They Missed Out on the Small Perks

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Kuvee Kangueehi

There is a saying in Otjiherero which says: “ouzeu kausana”, which loosely translated means “if you think you are worse off there is someone else who is more worse off”. Living mostly in the central and eastern regions of the country and having visited other regions such as Oshikoto, Omusati, Otjozondjupa, Oshana and Erongo, one at times tends to think that people in these regions live under difficult circumstances.

But that was until I recently visited the Okavango Region and spent five days in settlements around the town of Rundu. Except for a few buildings that are under construction in the central part of Rundu, there is almost nothing happening and the place looks like Oshakati 18 years ago.

Despite the fact that the town enjoys a huge population like the other north-central towns, in terms of development the town of Rundu compared to Oshakati, Ondangwa or Ongwendiva is miles apart.

Most painful are the living conditions of the people in the small settlements around Rundu. The people in these small villages are mostly subsistence farmers who produce only enough to feed themselves when they receive good rains and hardly produce extra food to sell.

At some homesteads, the most valuable assets are a few cows and a radio set. Many families have no source of income and the only way a family has cash in the house is when they have a family member who works in Rundu or other towns and send a bit of money home. Most families survive on the Government pension grant, if they are lucky to have a pensioner at home.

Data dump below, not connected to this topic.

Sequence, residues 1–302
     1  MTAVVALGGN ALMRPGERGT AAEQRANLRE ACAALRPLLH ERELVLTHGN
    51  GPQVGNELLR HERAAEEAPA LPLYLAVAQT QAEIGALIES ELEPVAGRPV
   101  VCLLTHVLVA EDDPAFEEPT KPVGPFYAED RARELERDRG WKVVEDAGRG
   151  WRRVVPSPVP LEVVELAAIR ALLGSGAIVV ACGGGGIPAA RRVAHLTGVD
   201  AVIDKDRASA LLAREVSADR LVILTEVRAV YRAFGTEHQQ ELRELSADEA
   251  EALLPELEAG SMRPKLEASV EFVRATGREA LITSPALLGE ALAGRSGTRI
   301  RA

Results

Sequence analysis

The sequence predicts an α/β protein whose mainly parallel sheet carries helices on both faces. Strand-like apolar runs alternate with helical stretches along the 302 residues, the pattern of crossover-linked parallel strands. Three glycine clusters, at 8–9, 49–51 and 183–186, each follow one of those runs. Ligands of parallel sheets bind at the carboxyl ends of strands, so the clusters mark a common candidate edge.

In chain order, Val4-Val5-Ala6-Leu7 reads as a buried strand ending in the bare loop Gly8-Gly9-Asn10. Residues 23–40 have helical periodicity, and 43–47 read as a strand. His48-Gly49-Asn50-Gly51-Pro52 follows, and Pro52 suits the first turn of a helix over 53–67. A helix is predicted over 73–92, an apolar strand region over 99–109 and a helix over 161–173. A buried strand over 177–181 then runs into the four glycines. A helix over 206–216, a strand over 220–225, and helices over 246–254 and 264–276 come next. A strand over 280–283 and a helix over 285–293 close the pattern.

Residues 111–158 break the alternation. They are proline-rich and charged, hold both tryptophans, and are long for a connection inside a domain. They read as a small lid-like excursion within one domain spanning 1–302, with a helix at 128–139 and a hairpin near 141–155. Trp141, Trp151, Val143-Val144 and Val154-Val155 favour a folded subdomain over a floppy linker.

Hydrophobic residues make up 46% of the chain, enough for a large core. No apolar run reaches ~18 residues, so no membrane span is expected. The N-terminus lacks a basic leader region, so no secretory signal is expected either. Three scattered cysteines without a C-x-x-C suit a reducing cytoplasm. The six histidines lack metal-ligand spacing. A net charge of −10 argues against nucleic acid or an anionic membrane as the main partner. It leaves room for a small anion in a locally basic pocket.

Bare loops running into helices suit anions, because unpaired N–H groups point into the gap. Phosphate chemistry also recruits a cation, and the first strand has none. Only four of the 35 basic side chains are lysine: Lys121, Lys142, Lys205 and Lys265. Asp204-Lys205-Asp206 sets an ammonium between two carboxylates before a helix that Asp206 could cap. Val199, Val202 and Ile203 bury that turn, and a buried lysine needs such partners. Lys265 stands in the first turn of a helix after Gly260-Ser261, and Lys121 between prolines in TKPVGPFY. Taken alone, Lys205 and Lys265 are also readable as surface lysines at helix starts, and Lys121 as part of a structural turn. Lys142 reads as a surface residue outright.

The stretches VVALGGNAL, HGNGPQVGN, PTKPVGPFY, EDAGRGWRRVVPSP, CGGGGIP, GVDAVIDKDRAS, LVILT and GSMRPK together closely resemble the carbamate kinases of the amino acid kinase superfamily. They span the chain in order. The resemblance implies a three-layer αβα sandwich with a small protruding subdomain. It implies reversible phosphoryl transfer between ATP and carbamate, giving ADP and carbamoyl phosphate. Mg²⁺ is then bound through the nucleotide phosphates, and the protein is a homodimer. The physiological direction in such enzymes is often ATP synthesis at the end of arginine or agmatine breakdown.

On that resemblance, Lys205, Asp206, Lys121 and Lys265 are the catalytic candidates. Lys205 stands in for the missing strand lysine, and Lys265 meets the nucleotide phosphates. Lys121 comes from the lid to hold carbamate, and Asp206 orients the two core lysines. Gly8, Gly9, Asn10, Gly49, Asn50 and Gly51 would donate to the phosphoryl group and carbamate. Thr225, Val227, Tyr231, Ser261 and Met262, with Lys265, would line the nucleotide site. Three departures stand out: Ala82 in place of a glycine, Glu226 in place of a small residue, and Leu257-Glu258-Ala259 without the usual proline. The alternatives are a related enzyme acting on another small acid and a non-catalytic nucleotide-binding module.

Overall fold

Simply put, many families are not connected to the national economy and there is no cash flowing in and out of the family. There is also no skills transfer and thus most of the families will remain subsistence farmers for many years to come.

But why?

Strangely, the answer partly lies in the fact that many people living in central and northern areas of the country made early contact with the colonisers and worked at farms, mines and were employed as domestic servants.

Although the working conditions were terrible, these people one way or the other had a small income and learned valuable skills from the colonial masters, which until today became productive to them. The little income they earned enabled them to send their children to school and acquire assets.

Many people from the Okavango Region made contact with the colonisers later and thus missed out on the small wages and the skills transfer.

Maybe the Government-envisaged green scheme and aquaculture projects could prove to be the catalyst to improve the living standards of the people in this region. It could turn the subsistence farmer into a commercial farmer who will be able to sell produce and be connected to the national economy.
Eewa!

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